In 2010, another killing, of a fan in an intergroup fracas, led to the banning of all 1 200 known ultras from the Parc des Prince. This measure was widely accepted because it was targeted and spared most of the fans in the Boulogne and Virage Auteuil stands, who were not violent hooligans, but committed ­punters who had the cheapest season-ticket seats. But since the arrival of Qatar Sports Investment (QSI) as owners of PSG, the policing and excluding of alleged ultras has stepped up a level, and thousands more fans have been blacklisted. Dissident fans are censored on club social media platforms.

Club president Nasser Al-Khelaîfi recognises only one supporters group, the Collectif Ultras Paris, a supine bunch who do not criticise the owners or Qatar’s political actions. The banned ultras believe the QSI strategy is to clear seats for richer fans, who will pay the high season-ticket prices. So the plutocratic radiation of the club is steadily domesticating and excising the wilder fringes of the PSG fan base.

Even so, many of those ultras or proto-ultras who remain are spectacularly loud and tough. Their power is significant, as Neymar knows. When Liverpool came to town, the Brazilian was so busy exhorting the Virage Auteuil to greater heights that at one point he forgot to watch the ball and a promising pass from Marco Verratti trickled straight past him.

The ultras of PSG are not café-dwelling, Gitanes-puffing flâneurs (loafers). They are bad motherfuckers from the wrong side of the super-périphérique. Like Mbappé, they are Paris. And suddenly, spectacularly, Paris has a team.

This is an edited version of an article that was first published on ­newframe.com

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Riot police squads intervene as pro-Israel and pro-Palestinian protesters clash in Montreal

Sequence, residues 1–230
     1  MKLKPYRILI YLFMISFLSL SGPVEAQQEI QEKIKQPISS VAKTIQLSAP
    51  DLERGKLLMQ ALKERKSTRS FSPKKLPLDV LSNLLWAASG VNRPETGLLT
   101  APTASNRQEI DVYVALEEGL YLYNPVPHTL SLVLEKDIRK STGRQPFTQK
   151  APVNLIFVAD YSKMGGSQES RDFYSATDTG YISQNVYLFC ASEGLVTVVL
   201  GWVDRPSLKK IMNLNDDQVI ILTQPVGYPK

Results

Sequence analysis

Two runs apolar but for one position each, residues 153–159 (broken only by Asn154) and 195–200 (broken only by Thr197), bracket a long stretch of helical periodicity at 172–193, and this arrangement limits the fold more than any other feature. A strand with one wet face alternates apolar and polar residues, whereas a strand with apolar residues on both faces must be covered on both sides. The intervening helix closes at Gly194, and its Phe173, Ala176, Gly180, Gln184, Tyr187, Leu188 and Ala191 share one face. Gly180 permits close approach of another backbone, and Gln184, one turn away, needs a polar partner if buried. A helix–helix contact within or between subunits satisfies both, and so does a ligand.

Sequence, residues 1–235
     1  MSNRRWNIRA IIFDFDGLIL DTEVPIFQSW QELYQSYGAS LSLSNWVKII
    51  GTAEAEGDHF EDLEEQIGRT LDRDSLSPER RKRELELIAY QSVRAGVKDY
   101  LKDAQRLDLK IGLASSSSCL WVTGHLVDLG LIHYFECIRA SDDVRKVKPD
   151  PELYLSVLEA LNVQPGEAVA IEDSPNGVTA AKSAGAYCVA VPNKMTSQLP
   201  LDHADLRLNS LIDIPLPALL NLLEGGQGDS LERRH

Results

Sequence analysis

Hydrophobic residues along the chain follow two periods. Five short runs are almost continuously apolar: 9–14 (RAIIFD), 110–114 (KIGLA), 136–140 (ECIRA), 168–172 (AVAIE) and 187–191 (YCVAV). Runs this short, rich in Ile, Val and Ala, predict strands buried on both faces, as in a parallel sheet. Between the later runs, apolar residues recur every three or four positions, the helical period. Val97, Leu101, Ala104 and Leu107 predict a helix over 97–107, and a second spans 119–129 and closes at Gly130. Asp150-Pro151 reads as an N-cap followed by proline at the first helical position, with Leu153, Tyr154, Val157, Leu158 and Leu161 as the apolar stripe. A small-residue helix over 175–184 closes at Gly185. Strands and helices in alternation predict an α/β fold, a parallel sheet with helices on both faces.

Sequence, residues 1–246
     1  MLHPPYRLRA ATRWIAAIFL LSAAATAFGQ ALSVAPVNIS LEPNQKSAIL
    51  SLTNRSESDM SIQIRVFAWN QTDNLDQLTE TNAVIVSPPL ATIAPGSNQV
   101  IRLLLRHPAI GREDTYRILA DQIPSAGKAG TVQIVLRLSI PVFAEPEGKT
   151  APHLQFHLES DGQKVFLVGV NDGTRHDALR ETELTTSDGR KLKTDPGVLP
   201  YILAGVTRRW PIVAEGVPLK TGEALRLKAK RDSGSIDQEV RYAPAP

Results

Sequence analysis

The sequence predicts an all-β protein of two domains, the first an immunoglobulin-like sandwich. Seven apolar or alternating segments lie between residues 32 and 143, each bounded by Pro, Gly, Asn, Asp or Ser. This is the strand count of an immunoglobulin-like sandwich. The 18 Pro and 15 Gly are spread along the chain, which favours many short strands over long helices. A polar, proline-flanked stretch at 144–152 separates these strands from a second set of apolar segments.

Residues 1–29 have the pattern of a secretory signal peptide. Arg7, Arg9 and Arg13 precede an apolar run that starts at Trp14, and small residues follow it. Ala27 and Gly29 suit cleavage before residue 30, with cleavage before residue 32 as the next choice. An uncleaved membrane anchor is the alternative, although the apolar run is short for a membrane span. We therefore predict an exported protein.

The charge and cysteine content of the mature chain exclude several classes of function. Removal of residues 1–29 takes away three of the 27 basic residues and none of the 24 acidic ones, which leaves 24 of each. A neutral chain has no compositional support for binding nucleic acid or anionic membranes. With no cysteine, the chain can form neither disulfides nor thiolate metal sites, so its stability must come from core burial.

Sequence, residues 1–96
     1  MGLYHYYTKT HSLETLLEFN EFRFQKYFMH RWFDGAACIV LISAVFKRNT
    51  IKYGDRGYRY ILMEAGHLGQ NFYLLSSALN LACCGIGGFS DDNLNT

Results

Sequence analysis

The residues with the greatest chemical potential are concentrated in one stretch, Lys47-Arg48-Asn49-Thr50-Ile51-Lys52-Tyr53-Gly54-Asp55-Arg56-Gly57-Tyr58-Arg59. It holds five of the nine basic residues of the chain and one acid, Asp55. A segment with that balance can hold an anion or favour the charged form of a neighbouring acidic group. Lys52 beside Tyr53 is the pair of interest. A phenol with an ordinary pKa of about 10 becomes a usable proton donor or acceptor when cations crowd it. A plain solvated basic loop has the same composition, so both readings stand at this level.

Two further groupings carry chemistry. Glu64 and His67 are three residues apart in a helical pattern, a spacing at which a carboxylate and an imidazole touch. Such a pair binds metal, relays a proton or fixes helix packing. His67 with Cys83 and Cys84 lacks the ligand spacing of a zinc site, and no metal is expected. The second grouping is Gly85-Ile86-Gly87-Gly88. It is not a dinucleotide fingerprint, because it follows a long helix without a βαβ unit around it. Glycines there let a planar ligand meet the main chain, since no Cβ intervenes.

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People wave flags atop cars in traffic during a demonstration to voice support for the people of Palestine, at Toronto City Hall in Toronto, Ontario, Canada, on 15 May 2021.


People wave flags atop cars in traffic during a demonstration to voice support for the people of Palestine, at Toronto City Hall in Toronto, Ontario, Canada, on 15 May 2021.

  • Violence
    between pro-Israel and pro-Palestine protesters in Montreal was condemned by
    Canadian Prime Minister Justin Trudeau.
  • Montreal’s
    city police force intervened and declared the protests illegal after tensions
    heightened and clashes broke out.
  • Israeli
    strikes killed 42 Palestinians in the Gaza Strip on Sunday, the worst daily
    toll in almost a week of clashes.

Montreal
– Canadian Prime Minister Justin Trudeau on Sunday condemned the violence and
“despicable rhetoric” that marked several weekend protests throughout
the country, after clashes between pro-Israel and pro-Palestinian protesters in
Montreal.

The
worst violence in years, sparked by unrest in Jerusalem, is raging between the
Jewish state and Islamist militants.

Israeli
strikes killed 42 Palestinians in the Gaza Strip on Sunday, the worst daily
toll in almost a week of deadly clashes.

Speaking
after protests in Montreal, Trudeau condemned what he said was “despicable
rhetoric and violence we saw on display in some protests this weekend”.

While
insisting on the “right to assemble peacefully and express themselves
freely in Canada”, Trudeau stressed in a tweet that there was no tolerance
for “antisemitism, Islamophobia, or hate of any kind”.

Earlier
on Sunday, Montreal police used tear gas following clashes between pro-Israel
and pro-Palestinian protesters.

Several
hundred demonstrators, draped in Israeli flags, had gathered in a central
Montreal square to express solidarity with the Jewish state.

‘Protesting is a right’

Although
the protest started peacefully, tensions ratcheted up with the arrival of
pro-Palestinian demonstrators and clashes soon broke out.

The
SPVM, Montreal’s city police force, declared the protests illegal, and squads
of riot police intervened, using tear gas to separate and disperse the two
groups, according to an AFP journalist at the scene.

The
police spent much of the afternoon in pursuit of the pro-Palestinian
protesters, who spread out and regrouped in commercial streets in the city centre.

Following
the clashes, Montreal Mayor Valerie Plante said on Twitter that
“protesting is a right”, but that “intolerance, violence and
anti-Semitism have no place here”.

She said:

Montreal is a city of peace.

Several
thousand pro-Palestinian demonstrators had gathered on Saturday in central
Montreal to denounce what they said were Israeli repression and “war
crimes” in Gaza.

“Terrorist
Israel”, some protesters chanted, while others held up a banner that read,
“Stop the genocide of Palestinian children”.

Pro-Palestinian